ZW: You know, my wife, after we were working on a box set, she said it is probably time to work on another record. Why don’t you? I said, well, when are the fellows is going to come out here to the Black Vatican? She said, probably be out in a month. That means I have a month to write a record. Wake up every day. I go into gym, and sit down with the amp, I have a cranked in my gym. It sounds like I’m in Madison Square Garden by myself, just writing riffs with a reverb on it and everything like that. So, I just start writing riffs until I’m happy with something, you get inspired and just start writing. The way I write, I write from beginning to middle to end. I don’t just have a riff and then I don’t know what to do with it. Just like you start writing and then you finish it.
Very rarely if I come up with a riff, something like, “Set You Free”, I have that main riff, I’ll figure out what I want to do with it. I’ll finish it later that day or whatever, but it’s not like I just have a riff laying around and then just say never completed or any song. I mean if I start you know, farewell ballad, I finished the whole thing. You know what I mean? So, anyways, but it’s just usually it’s always the music then then the melody, you know that the musical inspires a melody and then, and the lyrics are always last.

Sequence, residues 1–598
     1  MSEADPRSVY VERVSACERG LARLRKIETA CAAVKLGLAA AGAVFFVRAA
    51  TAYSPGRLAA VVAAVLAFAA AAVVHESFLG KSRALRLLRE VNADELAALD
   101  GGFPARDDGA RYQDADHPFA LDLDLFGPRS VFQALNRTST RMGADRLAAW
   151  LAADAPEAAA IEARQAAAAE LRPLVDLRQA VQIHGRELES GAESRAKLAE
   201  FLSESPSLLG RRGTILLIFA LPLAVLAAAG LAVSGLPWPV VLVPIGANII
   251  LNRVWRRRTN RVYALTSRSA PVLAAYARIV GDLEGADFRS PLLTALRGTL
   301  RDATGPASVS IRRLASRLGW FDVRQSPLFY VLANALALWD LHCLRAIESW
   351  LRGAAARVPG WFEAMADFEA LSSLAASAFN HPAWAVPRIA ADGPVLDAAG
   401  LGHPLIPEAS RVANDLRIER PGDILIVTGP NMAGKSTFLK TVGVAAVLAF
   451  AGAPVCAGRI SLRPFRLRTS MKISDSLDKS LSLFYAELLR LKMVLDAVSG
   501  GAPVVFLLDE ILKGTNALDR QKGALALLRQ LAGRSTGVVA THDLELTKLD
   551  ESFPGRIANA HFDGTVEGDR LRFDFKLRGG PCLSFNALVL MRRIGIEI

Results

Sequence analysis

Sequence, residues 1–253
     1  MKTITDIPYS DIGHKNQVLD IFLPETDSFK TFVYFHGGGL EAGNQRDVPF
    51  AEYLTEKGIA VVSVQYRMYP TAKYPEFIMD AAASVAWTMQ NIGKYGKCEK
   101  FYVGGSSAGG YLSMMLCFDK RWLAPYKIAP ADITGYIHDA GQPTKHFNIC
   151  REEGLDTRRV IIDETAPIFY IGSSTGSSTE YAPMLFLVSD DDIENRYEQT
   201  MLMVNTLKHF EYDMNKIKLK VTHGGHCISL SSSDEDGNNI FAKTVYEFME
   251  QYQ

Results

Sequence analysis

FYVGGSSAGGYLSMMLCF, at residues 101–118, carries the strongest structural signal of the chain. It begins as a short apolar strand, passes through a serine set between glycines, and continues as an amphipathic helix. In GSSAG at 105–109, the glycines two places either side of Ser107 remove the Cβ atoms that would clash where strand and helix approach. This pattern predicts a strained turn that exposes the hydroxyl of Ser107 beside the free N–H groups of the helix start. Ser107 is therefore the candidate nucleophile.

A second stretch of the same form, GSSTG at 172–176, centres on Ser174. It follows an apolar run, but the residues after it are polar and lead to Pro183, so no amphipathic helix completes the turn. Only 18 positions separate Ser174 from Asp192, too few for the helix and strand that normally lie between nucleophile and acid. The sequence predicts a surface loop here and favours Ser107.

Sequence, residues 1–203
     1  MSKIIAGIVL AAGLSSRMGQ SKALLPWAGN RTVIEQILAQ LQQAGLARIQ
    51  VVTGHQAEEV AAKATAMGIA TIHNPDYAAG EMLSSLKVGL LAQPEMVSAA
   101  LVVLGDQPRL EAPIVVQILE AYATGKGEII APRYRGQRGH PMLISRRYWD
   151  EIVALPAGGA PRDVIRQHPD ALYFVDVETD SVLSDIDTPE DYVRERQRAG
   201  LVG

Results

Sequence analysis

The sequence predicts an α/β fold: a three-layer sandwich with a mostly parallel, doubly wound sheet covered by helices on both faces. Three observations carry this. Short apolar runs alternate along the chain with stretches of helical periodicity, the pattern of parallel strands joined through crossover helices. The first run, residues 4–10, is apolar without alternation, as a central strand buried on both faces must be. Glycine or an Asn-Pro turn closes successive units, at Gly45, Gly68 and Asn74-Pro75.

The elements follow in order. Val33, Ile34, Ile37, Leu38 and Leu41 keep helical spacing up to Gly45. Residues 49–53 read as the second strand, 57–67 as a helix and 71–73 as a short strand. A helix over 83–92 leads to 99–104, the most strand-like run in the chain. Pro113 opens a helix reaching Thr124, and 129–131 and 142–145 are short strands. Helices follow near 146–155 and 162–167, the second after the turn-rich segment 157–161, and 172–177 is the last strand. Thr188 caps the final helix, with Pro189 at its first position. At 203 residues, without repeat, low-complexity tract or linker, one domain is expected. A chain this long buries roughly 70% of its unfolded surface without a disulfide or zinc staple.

QRO: Do you write the lyrics?
ZW: Yeah, who else would? It’s more it’s more or less like a Neil Young technique Crazy Horse. Yeah, that’s how Black Label is pretty much designed.
QRO: You your vocals, you’ve always been a great singer, or is that something that’s come about?
ZW: Well, since I was younger, you know, just singing in cover bands when we were 15-16-17 years old. Doing Sabbath songs, I would sing the Sabbath songs, Hendrix, I sang Cream, and my other buddy Tommy would end up singing the Rush songs, it’s almost kind of like a wedding band. JD sang all The Doors songs and singing Lou Rawls because he’s got a low voice. That’s why I’m Zach Sabbath cover band, sort of makes sense. I was playing these songs when I was 16 and I’m playing them now when I’m 54. So, it just goes to show you how good the music is.
QRO: Your influences, certainly, you know, King Edward, I know you look up to him and his work in the past, Sir Iommi, obviously that makes sense. Who are some of the other people that you draw or have been inspired by in the past?